Donald Trump has seven days to give to a state court a list of companies that will lose their New York business licenses after a judge ruled last week that he had committed financial fraud.
On Thursday, New York judge Arthur Engoron issued an order that will carry out Trump’s punishment for a pre-trial ruling he made that found Trump and others within the Trump Organization created false and misleading financial statement that inflated his net worth.
Engoron ruled that the former US president will lose his business certificates in the state, essentially limiting his ability to run his real estate company. The list of companies will be given to retired federal judge Barbara Jones, currently the court-appointed monitor overseeing the Trump Organization.
It emerged on the fourth day of the trial that Engoron is now giving Trump’s lawyers until 26 October to submit a list of names of potential receivers. The receiver will oversee the dissolution of the companies’ business licenses.
Seeking to prevent an end run around his ruling, Engoron told the defendants to give Jones advance notice of any application for new business licenses in any jurisdiction and any attempts to create new entities to “hold or acquire the assets” of a company that’s being dissolved under the ruling.
Also on Thursday, an accountant who prepared Donald Trump’s financial statements was back on the witness stand for a fourth day Thursday in the New York civil fraud trial examining whether the former president exaggerated his wealth.
Trump himself did not attend the proceedings Thursday, after choosing to be there – and avail himself of the news cameras waiting outside – for the three prior days.
The business fraud trial stems from New York attorney general Letitia James’ lawsuit alleging that Trump and his business ginned up financial statements that vastly overvalued Trump Tower, Mar-a-Lago and other assets. Trump denies any wrongdoing and says James, a Democrat, is just trying to damage his 2024 presidential campaign. He is leading the Republican field.
The witnesses so far have been two accountants who worked on the financial statements, which went to banks, insurers and others.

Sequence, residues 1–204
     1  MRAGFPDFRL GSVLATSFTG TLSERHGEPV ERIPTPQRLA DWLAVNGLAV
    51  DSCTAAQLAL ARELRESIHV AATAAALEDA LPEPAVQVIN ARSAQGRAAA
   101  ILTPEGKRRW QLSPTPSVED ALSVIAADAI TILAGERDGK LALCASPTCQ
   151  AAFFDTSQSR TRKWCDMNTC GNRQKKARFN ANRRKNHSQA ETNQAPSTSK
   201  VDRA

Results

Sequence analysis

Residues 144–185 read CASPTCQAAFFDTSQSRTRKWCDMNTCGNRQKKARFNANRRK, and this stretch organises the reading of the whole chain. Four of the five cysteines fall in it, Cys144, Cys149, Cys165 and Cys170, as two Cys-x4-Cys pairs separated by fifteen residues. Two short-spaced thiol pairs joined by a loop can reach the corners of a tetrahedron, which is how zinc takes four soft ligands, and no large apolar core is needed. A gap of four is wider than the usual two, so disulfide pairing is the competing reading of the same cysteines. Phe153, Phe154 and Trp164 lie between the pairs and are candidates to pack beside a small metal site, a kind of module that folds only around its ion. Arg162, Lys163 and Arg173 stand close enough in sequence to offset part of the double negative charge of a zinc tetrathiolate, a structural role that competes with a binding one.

James’s legal team is working to show that Trump and his company had complete control over the preparation of the statements, with the accountants relying on information the Trump Organization provided.
The defense has been trying to show that if there were problems with the financial statements, the flubs were the mistakes of Donald Bender, Trump’s longtime personal accountant. Trump lawyers on Thursday continued an exacting cross-examination of Bender, who worked on the statements for years.
Bender insisted that he asked Trump Organization executives for all required documents but did not always get them. He said he learned about some missing appraisals only when Manhattan prosecutors questioned him during their investigation into Trump’s business practices.
Defense lawyer Jesus Suarez asked why Bender did not notice the appraisals’ absence earlier.
“I asked them for appraisals,” Bender said. “They represented they gave me everything I needed.”
After Bender testified that he had a “specific memory” of asking a Trump lieutenant for all available appraisals, defense lawyer Clifford Robert pointed out that Bender had replied to dozens of other questions by saying he did not remember.
“You don’t recall texts, you don’t recall emails, you don’t recall phone calls,” said Robert, who represents Trump sons and company executive vice-presidents Eric Trump and Donald Trump Jr.
Robert suggested the accountant was worried that his testimony could lead to trouble with accounting regulators or law enforcement authorities.
Bender’s testimony finally wrapped up at about noon, with Trump Organization controller Jeffrey McConney taking the stand next.
The non-jury trial concerns allegations of conspiracy, insurance fraud and falsifying business records. James is seeking $250m in penalties and a ban on Trump doing business in New York.
The Associated Press contributed to this report